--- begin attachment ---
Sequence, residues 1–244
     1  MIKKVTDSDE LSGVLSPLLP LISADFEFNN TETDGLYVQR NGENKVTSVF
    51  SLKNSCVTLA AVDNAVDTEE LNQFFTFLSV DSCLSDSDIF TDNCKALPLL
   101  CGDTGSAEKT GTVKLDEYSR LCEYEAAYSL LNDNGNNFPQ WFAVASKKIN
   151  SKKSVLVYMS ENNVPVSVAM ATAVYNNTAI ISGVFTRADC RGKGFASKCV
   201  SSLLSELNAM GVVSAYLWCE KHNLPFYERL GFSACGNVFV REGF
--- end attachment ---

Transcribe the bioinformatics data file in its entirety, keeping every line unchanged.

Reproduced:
Sequence, residues 1–244
     1  MIKKVTDSDE LSGVLSPLLP LISADFEFNN TETDGLYVQR NGENKVTSVF
    51  SLKNSCVTLA AVDNAVDTEE LNQFFTFLSV DSCLSDSDIF TDNCKALPLL
   101  CGDTGSAEKT GTVKLDEYSR LCEYEAAYSL LNDNGNNFPQ WFAVASKKIN
   151  SKKSVLVYMS ENNVPVSVAM ATAVYNNTAI ISGVFTRADC RGKGFASKCV
   201  SSLLSELNAM GVVSAYLWCE KHNLPFYERL GFSACGNVFV REGF